September 1, 2010.
Had a couple of days off from rehearsal- one unintentionally because my scene partner didn’t show up and one because we didn’t have the space. I used that time to really work on my monologue and my character’s physicality. It wasn’t easy. All I wanted to do was lie on the couch watching Project Runway, drink red wine, and feel sorry for myself. I decided I could do all of those things after I worked on my character.
I can always tell when I’m about to turn a corner in my work because I hit a wall first. I get upset, depressed and engage in long inner dialogues about why I can’t do it or shouldn’t do it right now. And then I do it anyway and finally, after about an hour or two of internal bitching and moaning, I make a discovery that changes everything.
I was experimenting with my physicality, looking for a different center to come from and different places to carry or release tension. In one of Michelle’s classes she did a long exercise about center and that’s been invaluable to me. I used to think that one could only come from one’s head, heart, stomach, hips or knees, for example. It was broad and general. But as I explored where Agnes might come from, I suddenly dropped into something and it completely changed the way I sat, stood, walked, looked at things and even how I spoke my text. Her center, I believe, is the side of her neck. It’s a result of being shy, guarded, defensive, disappointed and exhausted. She also carries tremendous tension in her stomach, her shoulders are tight and caved in and she often has stiff arms with clenched fists. Carrying that kind of tension for almost the entire play is also what enables me to have an extreme physical and emotional release at a pivotal moment in one of my scenes. As I rehearse these physical qualities may become more subtle or refined but for now I’m making big choices.
I also watched a couple of films from 1977 to get a better sense of the clothing because, on the Internet, it’s hard to find photos that are year-specific. I was happy with my jeans and brown sweater but the blouse I’d bought- a cream/brown/orange with an Art Nouveau print- just didn’t seem right. From the films I realized that the blouse was early 70’s and I needed to look for something more subdued. So yesterday, at Goodwill, I stumbled upon the most perfect five-dollar item: a muted rose silk blouse with a neck tie to wrap in a bow in place of a collar. When I got home I tried everything on, pulled my hair back in a plain bun, and it completely clicked. I felt transformed into plain, conservative and repressed Agnes. The blouse also happens to be the exact style of the costume that the original Broadway actress wore in 1977. When I finally “get” the character, it’s a high like no other. At that point I don’t want to lie around on the couch. I want to spend hours exploring this person I’ve found.
I’m leaving work early today for what is supposed to be a quick run-through of the show with lights and maybe sound. We have to be on schedule because Michelle’s class comes into the space tonight. It’ll be my first shot at trying the new character stuff in front of the director and it makes me anxious. I hope I can commit to what I found and that he leaves me alone enough to explore it further.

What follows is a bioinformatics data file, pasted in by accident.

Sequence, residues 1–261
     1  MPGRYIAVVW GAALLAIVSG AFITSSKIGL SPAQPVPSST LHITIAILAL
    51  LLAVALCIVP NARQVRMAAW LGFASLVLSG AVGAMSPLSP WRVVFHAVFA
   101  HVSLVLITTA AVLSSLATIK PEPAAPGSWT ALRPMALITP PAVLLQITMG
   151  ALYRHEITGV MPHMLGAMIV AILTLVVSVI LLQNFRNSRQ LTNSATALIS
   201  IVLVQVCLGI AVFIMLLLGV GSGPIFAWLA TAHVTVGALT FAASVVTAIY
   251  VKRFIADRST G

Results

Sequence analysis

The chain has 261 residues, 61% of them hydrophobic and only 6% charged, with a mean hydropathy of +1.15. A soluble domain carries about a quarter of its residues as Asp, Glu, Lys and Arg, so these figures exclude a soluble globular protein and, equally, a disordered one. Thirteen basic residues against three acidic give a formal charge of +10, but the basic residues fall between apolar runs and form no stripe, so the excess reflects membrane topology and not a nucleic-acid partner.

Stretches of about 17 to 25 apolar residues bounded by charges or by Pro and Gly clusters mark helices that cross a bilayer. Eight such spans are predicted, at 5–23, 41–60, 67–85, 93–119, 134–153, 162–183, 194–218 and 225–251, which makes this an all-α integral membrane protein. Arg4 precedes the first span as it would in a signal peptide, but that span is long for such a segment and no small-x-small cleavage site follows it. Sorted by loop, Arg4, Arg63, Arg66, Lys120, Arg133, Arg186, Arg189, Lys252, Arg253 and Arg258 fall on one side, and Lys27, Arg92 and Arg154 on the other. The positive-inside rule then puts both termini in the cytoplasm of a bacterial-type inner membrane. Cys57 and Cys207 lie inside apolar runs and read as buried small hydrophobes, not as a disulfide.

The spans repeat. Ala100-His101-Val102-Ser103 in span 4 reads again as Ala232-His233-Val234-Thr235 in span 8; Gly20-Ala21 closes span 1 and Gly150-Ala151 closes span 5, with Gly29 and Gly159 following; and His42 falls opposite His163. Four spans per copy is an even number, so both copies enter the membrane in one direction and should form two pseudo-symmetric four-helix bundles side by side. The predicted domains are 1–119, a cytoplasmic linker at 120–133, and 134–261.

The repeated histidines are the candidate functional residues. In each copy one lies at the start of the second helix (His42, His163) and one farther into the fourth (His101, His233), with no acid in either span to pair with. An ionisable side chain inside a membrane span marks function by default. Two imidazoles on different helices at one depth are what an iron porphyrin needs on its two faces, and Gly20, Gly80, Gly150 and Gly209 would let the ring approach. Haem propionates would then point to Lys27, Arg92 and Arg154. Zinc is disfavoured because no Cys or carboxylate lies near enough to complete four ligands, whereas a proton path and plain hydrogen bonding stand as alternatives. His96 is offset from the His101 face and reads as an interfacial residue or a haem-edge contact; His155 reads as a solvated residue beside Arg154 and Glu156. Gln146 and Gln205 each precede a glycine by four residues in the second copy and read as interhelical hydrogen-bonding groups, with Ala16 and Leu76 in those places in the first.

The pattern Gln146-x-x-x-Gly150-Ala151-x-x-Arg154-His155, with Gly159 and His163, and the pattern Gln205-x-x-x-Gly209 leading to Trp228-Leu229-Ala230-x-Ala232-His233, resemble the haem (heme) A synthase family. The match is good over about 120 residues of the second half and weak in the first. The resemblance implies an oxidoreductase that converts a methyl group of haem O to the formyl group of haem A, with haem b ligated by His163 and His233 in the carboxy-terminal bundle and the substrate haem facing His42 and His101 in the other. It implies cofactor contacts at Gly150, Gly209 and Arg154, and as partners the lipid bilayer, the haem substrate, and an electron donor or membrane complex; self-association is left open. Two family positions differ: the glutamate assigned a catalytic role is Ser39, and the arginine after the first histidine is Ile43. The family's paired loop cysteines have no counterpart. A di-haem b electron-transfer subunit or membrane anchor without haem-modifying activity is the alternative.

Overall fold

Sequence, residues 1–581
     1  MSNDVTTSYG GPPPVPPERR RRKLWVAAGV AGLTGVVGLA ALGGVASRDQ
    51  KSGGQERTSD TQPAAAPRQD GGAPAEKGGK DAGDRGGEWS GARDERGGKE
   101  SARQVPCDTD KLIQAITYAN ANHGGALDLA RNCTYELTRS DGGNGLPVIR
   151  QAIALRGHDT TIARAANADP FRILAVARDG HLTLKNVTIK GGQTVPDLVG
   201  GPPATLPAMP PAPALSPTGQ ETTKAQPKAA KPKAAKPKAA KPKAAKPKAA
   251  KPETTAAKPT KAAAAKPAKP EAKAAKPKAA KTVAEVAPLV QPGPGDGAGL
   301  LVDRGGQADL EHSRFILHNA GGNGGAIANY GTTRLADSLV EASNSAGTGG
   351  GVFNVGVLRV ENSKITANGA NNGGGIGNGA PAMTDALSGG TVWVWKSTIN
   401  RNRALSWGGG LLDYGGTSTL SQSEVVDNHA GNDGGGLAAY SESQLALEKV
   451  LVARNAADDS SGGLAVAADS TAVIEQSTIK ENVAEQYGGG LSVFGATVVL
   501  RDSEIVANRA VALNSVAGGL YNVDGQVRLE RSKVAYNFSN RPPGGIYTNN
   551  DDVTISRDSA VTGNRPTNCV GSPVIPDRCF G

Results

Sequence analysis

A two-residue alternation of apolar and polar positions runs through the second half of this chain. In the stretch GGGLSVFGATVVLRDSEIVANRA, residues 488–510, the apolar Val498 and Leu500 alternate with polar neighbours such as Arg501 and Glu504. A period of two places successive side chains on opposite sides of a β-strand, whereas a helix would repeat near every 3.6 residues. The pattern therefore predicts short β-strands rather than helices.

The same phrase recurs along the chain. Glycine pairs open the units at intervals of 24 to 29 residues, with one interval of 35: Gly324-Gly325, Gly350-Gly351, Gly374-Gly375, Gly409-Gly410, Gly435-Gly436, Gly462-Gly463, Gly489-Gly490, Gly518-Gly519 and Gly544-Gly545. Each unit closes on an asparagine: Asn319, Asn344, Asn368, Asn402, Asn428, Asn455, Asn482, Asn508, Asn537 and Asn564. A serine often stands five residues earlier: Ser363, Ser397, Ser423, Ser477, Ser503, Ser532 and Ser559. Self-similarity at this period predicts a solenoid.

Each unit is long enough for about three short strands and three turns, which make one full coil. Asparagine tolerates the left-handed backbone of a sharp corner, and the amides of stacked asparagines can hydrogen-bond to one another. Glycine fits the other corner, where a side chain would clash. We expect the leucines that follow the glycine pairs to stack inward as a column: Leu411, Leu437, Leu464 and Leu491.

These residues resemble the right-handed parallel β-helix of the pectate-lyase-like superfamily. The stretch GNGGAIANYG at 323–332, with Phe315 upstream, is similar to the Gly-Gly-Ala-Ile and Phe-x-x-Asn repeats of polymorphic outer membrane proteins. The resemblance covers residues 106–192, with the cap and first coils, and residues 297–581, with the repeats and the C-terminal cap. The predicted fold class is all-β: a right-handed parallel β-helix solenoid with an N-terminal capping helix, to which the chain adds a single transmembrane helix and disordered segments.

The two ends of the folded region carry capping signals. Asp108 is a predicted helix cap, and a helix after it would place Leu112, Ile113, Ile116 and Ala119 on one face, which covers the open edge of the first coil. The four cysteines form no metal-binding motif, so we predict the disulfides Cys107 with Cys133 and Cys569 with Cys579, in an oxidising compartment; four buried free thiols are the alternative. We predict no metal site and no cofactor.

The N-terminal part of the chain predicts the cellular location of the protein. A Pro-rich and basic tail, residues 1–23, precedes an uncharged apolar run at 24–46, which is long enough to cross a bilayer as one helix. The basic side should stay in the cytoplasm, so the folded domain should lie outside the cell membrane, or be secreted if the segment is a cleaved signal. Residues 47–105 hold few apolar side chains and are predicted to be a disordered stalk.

August 30, 2010.
We are ten days from opening and I want to die. Metaphorically. I’m in the phase where I hate absolutely everything about my character and how I’m playing her. All of my choices and impulses seem flat, boring, tired and repetitive. I feel like there’s no way to fulfill the great potential I saw in the role at the beginning- both because of a lack of time and because of my own limitations as an actor. But even though I feel like this now, I’m not letting myself get sucked in too far because I know that it’s just where I am in the process and that- if I keep doing the work- it will pass. Yesterday I dragged my tired carcass off the couch, broke out the video camera, and worked on my long monologue for two hours. I hated it when I started but made some good discoveries by the end. Then I went to rehearsal and the director gave me some specific physical direction that helped tremendously. I just have to keep forging ahead.
August 17, 2010.
Oh, yes, I’d completely forgotten how it feels to work a day job and rehearse a show at the same time. I’m running on caffeine and sheer will-power but so far have managed to avoid the sugar trap. Pretty much the only thing I’ve done this past week besides work is rehearse and memorize lines. My brain is tired. Sometimes the only thing that keeps me going is Michelle’s voice from class ringing in my ears… “It takes EVERYTHING to be an actor.” And I think about how I don’t want to be doing this for the rest of my life- working nine hours a day for money with only a few hours a day set aside for my passion. I must always be doing the very best work I am capable of and it can’t just be passable; it has to be great. Otherwise there’s no point in living like this.
It’s been kind of a stressful week. I feel pressure to get off-book by Friday and also to have my text and character work done. But there aren’t enough hours in the day so I’ve settled for the memorization… which means I have to tolerate the director asking me to make character choices in rehearsal that I’m really not ready to make. And that’s another area where I have Michelle’s advice in my head- to trust the process and not to rush results. It can be difficult to to trust the process when a director I admire and respect is asking for more but at the end of the day it’s my job as an actor to allow a character to come forward, not to push it.